This week for the Retro Corner I reminisce about one of my favourite RPGs on the PlayStation, Star Ocean: The Second Story. Developed by tri-Ace and published by Enix in 1998 in Japan and 1999 in the US, and by SCEE in 2000 in Europe the game was received positively and gave gamers a different take on the JRPG.
At the time of release Final Fantasy games were hugely popular in the west, so it was often hard for other franchises to get noticed. Star Ocean brought an action element in to the gameplay, while keeping parties along with the tried and tested RPG format that people expect. It boasts seven different characters to add to the four person party and a staggering eighty-seven different endings! There are plenty of plot twists and storyline to engage players and keep them playing till the end.
The player is first asked to choose from who’s perspective the story is the be told, Claude’s or Renas. The basic beginning of the story involves Claude being out on a mission to survey a planet. He finds an ancient ruin and a device within. Of course, people don’t just walk away from suspicious devices, so Claude ends up getting teleported to a forest on the planet of Expel, just in time to save Rena from some attacking beasts. Expel is a much less advanced planet to what Claude was used to, and his garb and weapons prompt the people to believe he is a warrior from a prophecy. At first glance the story doesn’t seem that interesting but it really takes some great directions along the way that won’t leave people disappointed.
As always, gameplay is key in an action RPG (and of course, most games) and Star Ocean: The Second Story delivers on this. Battles are played out in real time, and players can position themselves however they so wish. The other party members are controlled by AI, however their behaviour can be set by the player and also be switched to during battle. For instance, you might want to tell one of the casters to conserve their MP. Abilities come in the form of Special Arts and Symbology with Symbology being the Star Ocean equivalent of magic. There is also a robust item creation system with characters being able to learn specialities that depend on the skills and talents of each character. Talents were randomly assigned upon recruitment, although hidden talents could be unlocked by use of certain skills. Minigames were also present and players could visit Fun City (original!) to participate in the Bunny Races, Battle Arena and my personal favourite, Cooking Master.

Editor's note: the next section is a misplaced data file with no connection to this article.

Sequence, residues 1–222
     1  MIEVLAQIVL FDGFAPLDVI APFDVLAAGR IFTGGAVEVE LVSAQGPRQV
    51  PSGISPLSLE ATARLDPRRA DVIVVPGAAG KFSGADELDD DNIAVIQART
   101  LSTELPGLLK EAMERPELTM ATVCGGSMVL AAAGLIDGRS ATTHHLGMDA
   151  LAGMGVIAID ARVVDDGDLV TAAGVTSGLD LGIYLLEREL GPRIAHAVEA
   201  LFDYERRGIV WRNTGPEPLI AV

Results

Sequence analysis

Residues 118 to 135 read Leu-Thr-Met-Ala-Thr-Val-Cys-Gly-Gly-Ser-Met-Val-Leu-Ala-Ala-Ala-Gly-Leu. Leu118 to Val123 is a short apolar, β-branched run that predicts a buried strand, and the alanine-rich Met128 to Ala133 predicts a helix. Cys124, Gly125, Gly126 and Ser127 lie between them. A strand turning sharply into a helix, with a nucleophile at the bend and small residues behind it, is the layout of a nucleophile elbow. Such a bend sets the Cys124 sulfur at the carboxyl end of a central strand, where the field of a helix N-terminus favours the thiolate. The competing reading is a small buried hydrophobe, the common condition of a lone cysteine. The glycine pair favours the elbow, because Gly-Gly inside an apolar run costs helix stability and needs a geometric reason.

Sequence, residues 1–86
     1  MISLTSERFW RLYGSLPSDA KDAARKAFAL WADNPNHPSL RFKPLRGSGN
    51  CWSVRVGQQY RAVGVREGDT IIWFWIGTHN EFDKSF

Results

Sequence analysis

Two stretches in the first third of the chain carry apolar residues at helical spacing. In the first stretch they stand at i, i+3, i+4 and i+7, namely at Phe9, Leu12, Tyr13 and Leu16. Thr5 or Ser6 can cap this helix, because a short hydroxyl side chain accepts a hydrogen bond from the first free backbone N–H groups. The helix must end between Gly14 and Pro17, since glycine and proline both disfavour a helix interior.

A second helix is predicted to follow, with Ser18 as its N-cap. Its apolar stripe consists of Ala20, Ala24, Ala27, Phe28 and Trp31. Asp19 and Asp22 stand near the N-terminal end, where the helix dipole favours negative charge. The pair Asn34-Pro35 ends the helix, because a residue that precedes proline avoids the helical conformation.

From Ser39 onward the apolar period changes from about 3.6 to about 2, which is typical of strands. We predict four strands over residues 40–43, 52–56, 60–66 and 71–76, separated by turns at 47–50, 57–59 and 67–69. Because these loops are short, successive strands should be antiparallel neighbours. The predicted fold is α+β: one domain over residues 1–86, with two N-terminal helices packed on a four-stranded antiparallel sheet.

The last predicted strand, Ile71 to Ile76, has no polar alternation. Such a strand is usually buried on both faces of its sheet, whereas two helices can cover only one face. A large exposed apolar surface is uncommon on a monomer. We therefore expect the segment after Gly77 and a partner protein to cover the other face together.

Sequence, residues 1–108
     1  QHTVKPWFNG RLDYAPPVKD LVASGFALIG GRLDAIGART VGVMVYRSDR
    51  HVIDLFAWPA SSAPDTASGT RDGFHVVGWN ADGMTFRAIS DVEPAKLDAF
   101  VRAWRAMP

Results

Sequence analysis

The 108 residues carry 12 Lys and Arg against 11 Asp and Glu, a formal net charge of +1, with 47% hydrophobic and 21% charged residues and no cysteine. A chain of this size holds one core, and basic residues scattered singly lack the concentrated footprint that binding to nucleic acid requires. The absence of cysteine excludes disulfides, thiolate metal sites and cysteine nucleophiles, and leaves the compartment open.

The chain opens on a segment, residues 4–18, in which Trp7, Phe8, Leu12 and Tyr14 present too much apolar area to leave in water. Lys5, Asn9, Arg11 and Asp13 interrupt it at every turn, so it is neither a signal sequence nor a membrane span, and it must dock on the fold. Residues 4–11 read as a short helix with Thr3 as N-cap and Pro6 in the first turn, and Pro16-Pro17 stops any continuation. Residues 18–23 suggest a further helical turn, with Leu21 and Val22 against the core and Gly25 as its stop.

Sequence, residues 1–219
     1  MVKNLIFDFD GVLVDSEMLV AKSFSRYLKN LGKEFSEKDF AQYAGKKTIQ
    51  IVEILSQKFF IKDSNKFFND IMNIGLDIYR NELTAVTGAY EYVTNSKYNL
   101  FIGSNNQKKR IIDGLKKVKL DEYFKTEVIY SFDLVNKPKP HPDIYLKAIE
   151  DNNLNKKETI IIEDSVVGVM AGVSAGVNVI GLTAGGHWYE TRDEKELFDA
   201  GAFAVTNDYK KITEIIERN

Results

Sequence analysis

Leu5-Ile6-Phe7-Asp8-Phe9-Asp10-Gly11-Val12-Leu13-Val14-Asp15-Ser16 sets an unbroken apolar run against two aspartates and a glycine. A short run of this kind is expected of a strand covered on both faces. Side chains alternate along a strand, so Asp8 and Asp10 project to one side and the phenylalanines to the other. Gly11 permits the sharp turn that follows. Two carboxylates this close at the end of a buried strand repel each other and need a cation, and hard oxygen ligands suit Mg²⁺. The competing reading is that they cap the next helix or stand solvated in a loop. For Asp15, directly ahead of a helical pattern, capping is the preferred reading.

The soundtrack of the game was composed by Motoi Sakuraba, who has a pretty impressive CV it has to be said. Sakuraba composed the music for the other Star Ocean games as well as many of the Tales games, Dark Souls and Dark Souls II, Bravely Default, Eternal Sonata, many other games and a host of animes. The soundtrack to Star Ocean: The Second Story contains one of my favourite pieces of game music as part of it’s 88 tracks included on the original discs. There’s a playlist of the original scores that can be watched below.
Looking back at how enjoyable the game was, the depth of gameplay, characters and item creation as well as the 40+ hours of game play it gave people, it’s no wonder the game is remembered as the best in the series. The remasters can still be bought on PS4 and Vita and they’re definitely worth picking up if you can. There was positive news recently with the reveal of the fifth installment in to the Star Ocean franchise with talk of the game getting back to it’s roots. Here’s hoping it’s a great as The Second Story!